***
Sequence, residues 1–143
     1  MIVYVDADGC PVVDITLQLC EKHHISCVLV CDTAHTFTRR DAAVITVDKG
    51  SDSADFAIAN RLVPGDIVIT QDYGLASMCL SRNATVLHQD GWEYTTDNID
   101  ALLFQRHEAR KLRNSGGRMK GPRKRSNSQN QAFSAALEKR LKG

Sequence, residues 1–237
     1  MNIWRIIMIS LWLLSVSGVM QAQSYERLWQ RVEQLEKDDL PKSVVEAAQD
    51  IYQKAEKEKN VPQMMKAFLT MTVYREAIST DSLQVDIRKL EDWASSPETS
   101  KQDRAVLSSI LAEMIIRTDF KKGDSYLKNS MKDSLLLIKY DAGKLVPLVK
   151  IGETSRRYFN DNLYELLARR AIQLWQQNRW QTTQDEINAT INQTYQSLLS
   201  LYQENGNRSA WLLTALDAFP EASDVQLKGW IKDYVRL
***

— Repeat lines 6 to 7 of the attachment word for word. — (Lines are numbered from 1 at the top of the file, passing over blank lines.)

     1  MNIWRIIMIS LWLLSVSGVM QAQSYERLWQ RVEQLEKDDL PKSVVEAAQD
    51  IYQKAEKEKN VPQMMKAFLT MTVYREAIST DSLQVDIRKL EDWASSPETS